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Discussion Forum
:

WD45 transmission

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Michael

04-10-2002 18:44:33




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Does anyone know what makes the WD45 slip out of third gear? A worn gear, Bushing, or coupler?




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JMS/MN

04-11-2002 19:03:59




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 Re: WD45 transmission in reply to Michael, 04-10-2002 18:44:33  
The gears are not in mesh all of the time. If they were, they would not have worn edges. They get that way from shifting and engaging without coming to a complete stop. Grinding the gears. The forks that are moved by the shift lever move collars that are part of certain gears which engage other gears. With age, the gears, collars, and shafts wear and too much clearance develops between parts, allowing for them to disengage. A constant mesh transmission was way beyond the technology of the 50s. AC had very basic sliding gear transmissions, just like all of the others of that era.

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Tom

04-12-2002 19:19:41




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 Re: Re: WD45 transmission in reply to JMS/MN, 04-11-2002 19:03:59  
WCs,and WDs up to a point had sliding gear transmissions, later WDs and all 45s had constant mesh transmissions. Any WD with a curved shift lever is a constant mesh transmission. The parts book lists two different sets of parts for the two transmisions and almost all of the parts are not interchangable. Maybe the transmission cover and some of the shift rails, but I am not sure of them without checking. There is no special technology needed for a constant mesh, just different parts.

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JMS/MN

04-12-2002 22:03:48




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 Re: Re: Re: WD45 transmission in reply to Tom, 04-12-2002 19:19:41  
Tom, I would disagree with you, and maybe we have different interpretations of what a constant mesh transmission is. To me, constant mesh means the gears are always in contact with one another, and always turning, and are engaged by clutches. There are no clutches within the transmission. There are no synchronizers in the transmission. That's what makes for smooth speed changes. I don't believe all gears in the WD or WD45 transmissions are always turning, otherwise how would there be forward and reverse?. The main difference between WD and WD45 transmissions is that the WD has straight-cut gears, and the WD45 has the angle-cut gears, thus allowing for a faster shift from one gear to another. You talk about collars. Those collars are a part of the gears that slide to engage other gears that are not yet turning- thus the need to push in the foot clutch to shift the gears (allowing them to stop before engaging other gears that are not yet turning.) The reason an older tractor pops out of gear is because wear has developed over the years, and can only be fixed by replacing those worn parts. They didn't pop out when they came from the factory.

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Brian G. NY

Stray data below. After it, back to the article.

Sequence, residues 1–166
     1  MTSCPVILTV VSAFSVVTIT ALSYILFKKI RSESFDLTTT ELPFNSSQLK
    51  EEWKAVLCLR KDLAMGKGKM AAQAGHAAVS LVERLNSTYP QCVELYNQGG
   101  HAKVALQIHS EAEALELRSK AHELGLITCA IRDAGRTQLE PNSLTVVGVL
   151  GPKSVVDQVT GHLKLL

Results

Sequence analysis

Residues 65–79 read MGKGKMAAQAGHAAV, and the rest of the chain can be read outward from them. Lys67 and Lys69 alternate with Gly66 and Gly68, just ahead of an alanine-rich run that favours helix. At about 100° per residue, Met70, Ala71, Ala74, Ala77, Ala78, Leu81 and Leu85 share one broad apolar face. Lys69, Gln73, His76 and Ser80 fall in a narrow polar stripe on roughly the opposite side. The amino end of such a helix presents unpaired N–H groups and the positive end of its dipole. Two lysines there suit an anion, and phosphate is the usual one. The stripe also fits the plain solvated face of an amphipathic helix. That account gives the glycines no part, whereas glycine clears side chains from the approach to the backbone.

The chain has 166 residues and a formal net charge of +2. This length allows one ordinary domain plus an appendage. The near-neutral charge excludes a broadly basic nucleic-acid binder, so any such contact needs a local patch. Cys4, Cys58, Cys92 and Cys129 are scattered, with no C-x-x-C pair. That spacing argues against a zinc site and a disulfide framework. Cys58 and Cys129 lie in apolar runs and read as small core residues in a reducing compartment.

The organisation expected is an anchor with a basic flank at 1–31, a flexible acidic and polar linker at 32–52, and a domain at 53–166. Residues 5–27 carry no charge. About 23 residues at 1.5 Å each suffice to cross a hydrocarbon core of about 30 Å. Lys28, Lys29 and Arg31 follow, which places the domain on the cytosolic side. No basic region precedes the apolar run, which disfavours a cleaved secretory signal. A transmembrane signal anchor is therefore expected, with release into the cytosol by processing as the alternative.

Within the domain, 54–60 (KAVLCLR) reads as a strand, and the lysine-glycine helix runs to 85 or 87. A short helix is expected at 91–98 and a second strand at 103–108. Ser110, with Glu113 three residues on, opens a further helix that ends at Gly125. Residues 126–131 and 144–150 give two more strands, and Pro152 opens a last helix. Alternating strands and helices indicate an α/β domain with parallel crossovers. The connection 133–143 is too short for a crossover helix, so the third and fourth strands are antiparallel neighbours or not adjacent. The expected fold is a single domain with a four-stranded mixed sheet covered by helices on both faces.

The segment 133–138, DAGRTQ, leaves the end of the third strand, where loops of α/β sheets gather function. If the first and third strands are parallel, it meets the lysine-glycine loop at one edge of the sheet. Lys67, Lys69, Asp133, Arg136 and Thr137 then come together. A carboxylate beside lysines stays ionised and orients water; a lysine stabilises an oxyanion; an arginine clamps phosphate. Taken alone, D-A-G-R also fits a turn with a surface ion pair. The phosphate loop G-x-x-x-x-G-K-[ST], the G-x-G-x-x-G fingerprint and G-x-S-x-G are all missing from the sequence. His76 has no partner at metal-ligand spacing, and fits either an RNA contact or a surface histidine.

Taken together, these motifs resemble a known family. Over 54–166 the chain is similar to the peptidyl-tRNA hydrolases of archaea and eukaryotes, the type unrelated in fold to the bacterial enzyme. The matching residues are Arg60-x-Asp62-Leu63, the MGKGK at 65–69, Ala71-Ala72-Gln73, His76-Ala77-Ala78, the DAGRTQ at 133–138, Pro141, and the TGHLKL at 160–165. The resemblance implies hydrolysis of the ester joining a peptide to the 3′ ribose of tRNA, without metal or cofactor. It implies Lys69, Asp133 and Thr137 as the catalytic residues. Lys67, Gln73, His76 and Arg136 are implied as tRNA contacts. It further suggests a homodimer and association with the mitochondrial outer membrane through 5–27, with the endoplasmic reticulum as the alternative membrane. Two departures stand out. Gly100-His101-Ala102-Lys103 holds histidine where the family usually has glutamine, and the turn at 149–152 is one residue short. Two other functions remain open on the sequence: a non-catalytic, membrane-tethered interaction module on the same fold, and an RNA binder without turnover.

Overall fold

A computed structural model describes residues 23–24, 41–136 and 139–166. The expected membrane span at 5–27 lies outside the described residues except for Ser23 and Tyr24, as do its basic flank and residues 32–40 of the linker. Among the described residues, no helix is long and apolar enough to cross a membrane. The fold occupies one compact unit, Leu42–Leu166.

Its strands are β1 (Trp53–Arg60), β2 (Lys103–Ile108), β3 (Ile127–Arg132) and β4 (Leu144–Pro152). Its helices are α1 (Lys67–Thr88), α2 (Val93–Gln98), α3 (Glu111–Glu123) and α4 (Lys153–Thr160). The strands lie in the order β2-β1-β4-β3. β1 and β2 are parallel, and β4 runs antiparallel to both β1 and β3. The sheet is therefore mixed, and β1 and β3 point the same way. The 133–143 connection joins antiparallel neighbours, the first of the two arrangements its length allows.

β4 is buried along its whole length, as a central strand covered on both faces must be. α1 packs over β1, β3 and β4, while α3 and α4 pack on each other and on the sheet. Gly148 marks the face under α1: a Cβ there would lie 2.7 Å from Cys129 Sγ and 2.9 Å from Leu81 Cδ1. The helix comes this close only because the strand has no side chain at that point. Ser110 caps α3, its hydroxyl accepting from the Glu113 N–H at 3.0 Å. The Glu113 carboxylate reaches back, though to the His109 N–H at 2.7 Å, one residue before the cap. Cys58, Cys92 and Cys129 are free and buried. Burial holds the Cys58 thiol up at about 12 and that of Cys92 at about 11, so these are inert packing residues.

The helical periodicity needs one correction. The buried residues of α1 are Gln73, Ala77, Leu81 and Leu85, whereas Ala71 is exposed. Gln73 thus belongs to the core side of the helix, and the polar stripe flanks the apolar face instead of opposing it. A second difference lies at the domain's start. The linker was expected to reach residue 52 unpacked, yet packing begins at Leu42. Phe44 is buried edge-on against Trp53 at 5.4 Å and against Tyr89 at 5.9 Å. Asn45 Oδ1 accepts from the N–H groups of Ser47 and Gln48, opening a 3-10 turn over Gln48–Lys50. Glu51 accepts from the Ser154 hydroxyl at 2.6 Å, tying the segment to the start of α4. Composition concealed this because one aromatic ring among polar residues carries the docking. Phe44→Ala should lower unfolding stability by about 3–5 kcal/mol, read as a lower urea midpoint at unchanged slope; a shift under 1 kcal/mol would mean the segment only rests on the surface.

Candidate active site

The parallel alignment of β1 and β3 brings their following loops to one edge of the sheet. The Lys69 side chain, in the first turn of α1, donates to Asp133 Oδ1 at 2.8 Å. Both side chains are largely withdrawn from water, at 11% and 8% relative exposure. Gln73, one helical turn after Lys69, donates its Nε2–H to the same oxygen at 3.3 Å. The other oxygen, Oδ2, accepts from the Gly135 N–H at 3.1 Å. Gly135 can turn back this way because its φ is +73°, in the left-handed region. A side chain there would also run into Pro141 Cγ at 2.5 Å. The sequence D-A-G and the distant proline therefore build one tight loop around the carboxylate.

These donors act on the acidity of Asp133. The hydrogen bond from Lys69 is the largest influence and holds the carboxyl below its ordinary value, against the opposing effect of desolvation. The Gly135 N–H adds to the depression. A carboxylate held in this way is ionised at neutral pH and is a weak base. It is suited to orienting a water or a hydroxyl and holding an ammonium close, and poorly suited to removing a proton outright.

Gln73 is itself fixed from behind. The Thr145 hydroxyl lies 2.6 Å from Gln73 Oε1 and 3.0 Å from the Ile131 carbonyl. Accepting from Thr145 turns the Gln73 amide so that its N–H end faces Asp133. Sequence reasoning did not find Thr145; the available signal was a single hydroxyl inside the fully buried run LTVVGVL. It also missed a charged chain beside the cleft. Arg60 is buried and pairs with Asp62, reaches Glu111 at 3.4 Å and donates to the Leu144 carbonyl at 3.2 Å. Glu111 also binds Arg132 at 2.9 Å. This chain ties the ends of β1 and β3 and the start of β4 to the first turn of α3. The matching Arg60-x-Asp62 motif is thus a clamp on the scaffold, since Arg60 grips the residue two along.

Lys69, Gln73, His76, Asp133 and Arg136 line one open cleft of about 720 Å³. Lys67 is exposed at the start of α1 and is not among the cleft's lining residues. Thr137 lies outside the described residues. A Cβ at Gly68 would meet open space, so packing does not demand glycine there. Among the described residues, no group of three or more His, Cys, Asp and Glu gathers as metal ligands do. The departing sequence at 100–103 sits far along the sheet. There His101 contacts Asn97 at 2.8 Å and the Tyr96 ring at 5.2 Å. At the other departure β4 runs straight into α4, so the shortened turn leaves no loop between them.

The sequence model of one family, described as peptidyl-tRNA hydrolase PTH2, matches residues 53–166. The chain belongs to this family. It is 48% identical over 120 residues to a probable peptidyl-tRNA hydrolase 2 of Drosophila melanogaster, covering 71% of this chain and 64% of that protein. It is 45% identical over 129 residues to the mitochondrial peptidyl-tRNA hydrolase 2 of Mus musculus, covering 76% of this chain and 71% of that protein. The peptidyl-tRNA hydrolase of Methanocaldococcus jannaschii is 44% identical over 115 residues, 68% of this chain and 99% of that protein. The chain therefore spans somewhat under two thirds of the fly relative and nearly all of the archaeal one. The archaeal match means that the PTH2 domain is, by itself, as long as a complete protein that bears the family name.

04-13-2002 07:04:21




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 Re: Re: Re: Re: WD45 transmission in reply to JMS/MN, 04-12-2002 22:03:48  
You have to look at a parts breakdown or (better yet) a dissassembled tranny to see what these other guys are talking about. I think the only gear that slides in most "constant Mesh" trannys, is reverse. The "shifting Collars" are "toothed" but they are not "gears".



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Farmer Brown

04-19-2002 10:09:18




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 Re: Re: Re: Re: Re: WD45 transmission in reply to Brian G. NY, 04-13-2002 07:04:21  
Tom and Brian are correct. It is collars that are being shifted, not the gears, so it is considered a constant mesh transmission. (helical gears run smooth but don't shift well) Not synchronized or power shift, but constant mesh none the less. Small consolation if it is slipping out of gear.

Your problem may or may not be wear on the collars from shifting. Does is pop out of gear going down hill? If so, I would suspect worn tapered roller bearings that hold the shaft in place. Worn bearings can cause enough end play to cause shifting type action. This is a problem that started with this helical transmission in '53 that the early ones did not have. (spur gear don't create any end thrust, therefore no wear in the axial direction)
Going down hill (with the engine holding you back) loads the collars in the direction that they usually don't have much wear, so if it pops out of gear there it is more likely the bearings.

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Tom

04-11-2002 17:20:14




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 Re: WD45 transmission in reply to Michael, 04-10-2002 18:44:33  
The gears are in mesh all the time. Shifting the transmission shifts dog clutches that engage the different gears. These are just notches in one hub that engage notches in another hub. The edges of the notches get worn from grinding gears and then they won't stay where you put them.



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